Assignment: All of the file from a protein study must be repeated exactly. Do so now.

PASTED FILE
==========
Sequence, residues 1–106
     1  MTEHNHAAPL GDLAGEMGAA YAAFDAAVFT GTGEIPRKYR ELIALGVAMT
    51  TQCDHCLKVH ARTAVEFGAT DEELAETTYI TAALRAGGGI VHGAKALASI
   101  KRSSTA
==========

Sequence, residues 1–106
     1  MTEHNHAAPL GDLAGEMGAA YAAFDAAVFT GTGEIPRKYR ELIALGVAMT
    51  TQCDHCLKVH ARTAVEFGAT DEELAETTYI TAALRAGGGI VHGAKALASI
   101  KRSSTA